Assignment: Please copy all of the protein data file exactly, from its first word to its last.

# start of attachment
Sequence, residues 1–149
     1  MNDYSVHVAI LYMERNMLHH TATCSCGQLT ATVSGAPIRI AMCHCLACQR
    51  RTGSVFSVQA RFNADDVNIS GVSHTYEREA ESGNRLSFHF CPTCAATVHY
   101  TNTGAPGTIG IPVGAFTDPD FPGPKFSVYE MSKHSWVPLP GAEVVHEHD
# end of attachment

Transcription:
Sequence, residues 1–149
     1  MNDYSVHVAI LYMERNMLHH TATCSCGQLT ATVSGAPIRI AMCHCLACQR
    51  RTGSVFSVQA RFNADDVNIS GVSHTYEREA ESGNRLSFHF CPTCAATVHY
   101  TNTGAPGTIG IPVGAFTDPD FPGPKFSVYE MSKHSWVPLP GAEVVHEHD